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3 of 3 people found the following review helpful
I have to say I dont normally read non fiction military books, but do find tv documentaries on the subject insightful, fascinating and gripping.
So I came to this book thinking ok I will give it a go, and I have to say I was gripped from page 1.
This story of soldiers from 101st Airborne(502nd Infantry regiment) aka The Black Heart Brigade is intense, and yes graphic.but what shines through are the personalities of these soldiers in one of the most dangerous areas, known as The Triangle of Death, and the daily pressures and duress they confronted on a daily basis.There to train Iraqi, s on defending themselves against the insurgents, but knowing that anyone of those they were there to help, could quite easily turn on them with a gun, body bomb,or know where IED, s were buried but say nothing or deny knowing anything at all, La La La(meaning No) to any questions put to them.
What also comes across is not only the external conflict, but the internal conflict within the ranks, the clear and defined and often conflicting orders these boys, men and women were often asked to do.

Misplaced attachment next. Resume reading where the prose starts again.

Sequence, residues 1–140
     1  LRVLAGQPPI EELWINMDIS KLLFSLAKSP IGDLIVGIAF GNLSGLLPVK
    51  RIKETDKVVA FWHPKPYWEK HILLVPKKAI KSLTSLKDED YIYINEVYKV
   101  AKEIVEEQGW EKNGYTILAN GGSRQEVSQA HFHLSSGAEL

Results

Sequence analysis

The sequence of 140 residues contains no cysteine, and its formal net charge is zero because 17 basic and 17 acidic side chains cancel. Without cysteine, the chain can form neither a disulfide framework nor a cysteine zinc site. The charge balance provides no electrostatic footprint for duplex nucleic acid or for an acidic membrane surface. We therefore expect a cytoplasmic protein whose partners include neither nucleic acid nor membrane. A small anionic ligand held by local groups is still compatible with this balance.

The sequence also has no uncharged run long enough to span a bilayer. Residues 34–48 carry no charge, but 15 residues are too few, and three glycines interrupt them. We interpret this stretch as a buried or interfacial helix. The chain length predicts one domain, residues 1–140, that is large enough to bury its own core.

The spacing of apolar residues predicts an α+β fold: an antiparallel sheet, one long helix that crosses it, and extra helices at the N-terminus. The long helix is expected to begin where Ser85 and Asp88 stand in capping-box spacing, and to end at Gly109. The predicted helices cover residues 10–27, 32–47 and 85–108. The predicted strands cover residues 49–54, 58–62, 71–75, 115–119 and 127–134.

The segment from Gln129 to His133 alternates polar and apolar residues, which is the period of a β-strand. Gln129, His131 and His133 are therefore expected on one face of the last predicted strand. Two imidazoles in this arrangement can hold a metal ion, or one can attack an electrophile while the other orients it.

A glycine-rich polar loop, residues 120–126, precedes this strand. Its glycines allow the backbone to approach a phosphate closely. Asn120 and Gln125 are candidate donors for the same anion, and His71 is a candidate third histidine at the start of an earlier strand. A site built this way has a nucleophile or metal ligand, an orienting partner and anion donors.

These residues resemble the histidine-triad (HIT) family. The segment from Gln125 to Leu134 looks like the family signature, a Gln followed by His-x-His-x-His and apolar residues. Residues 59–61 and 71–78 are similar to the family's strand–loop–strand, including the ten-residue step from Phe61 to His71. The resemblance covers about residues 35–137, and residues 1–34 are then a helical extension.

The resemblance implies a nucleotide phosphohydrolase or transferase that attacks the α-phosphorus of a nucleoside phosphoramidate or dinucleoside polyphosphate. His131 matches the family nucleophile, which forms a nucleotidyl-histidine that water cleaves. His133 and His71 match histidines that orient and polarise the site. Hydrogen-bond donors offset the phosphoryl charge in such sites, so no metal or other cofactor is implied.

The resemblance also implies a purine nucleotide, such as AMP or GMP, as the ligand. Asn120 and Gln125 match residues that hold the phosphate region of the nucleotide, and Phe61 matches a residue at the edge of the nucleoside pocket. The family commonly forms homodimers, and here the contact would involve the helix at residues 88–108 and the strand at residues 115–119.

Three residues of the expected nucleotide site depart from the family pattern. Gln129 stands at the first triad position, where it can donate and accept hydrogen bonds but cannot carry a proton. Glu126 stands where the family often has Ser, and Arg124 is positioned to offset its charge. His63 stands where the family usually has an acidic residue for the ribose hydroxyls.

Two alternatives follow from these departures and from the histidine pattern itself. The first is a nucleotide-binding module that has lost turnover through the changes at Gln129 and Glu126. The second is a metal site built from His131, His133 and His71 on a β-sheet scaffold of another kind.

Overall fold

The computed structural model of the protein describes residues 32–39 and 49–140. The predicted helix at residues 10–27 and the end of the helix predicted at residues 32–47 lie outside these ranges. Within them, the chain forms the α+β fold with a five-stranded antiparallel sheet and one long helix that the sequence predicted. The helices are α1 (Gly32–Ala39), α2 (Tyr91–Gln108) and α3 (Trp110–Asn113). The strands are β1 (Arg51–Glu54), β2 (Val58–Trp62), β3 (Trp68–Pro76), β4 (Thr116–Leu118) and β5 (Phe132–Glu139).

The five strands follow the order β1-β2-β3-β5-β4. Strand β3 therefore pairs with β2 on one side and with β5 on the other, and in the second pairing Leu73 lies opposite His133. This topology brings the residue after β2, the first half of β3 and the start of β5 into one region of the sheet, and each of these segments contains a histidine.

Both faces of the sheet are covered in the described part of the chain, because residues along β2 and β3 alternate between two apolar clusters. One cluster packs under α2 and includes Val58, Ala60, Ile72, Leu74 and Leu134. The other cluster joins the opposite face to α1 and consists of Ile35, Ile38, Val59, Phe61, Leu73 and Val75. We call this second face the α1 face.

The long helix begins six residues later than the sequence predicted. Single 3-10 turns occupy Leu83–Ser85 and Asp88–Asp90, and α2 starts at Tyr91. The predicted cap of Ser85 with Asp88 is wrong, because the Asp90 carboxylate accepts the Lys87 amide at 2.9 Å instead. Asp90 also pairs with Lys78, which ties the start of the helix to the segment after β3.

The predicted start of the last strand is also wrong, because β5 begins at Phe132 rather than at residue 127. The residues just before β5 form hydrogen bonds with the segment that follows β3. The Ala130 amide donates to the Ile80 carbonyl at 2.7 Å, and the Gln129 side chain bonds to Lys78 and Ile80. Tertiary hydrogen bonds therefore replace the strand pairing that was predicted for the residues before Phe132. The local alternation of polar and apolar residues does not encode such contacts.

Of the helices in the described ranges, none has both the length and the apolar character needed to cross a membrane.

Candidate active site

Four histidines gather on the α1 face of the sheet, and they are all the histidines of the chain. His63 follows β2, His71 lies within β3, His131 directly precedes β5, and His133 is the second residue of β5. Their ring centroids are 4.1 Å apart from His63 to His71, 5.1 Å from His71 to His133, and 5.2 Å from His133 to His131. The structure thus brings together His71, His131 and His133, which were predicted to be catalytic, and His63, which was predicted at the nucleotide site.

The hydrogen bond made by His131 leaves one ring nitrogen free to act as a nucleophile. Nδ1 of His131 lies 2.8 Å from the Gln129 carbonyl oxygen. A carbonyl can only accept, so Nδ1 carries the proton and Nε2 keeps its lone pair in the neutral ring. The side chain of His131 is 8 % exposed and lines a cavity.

The story is built up around the events of the rape of a 14 year old girl, and slaughter of her family, the lead up to that event and the pressures put onto the soldiers before the event occured.
And while you can never forgive what happened to that poor innocent child and her family, you really can NEVER be expected to understand or contemplate what these guys went through.Would you react, behave any differently after seeing your pals being shot up and blown to bits?We all would like to think that we would not be capable of such violence and atrocity, but we all have that beast within, and it just takes a unique situation, a constant fear of wondering whether THIS day could be your last on Earth, for that cage door to be opened, and the beast within to be released.
A truly awesome, intense book that deserves, and SHOULD be read.
These guys were soldiers, ordinary men, put in a hell hole by their Government, and expected to do what they were ordered to do.
There are no winners or losers in war only dead, and more often than not, it boils down to religion.
Im a none believer and can't help feeling that if there is a god then why does he not intervene?
The price innocents have to pay for eternal salvation always seems to be too high a price.Children raped and abused to my mind is not a justification for a reward into heaven.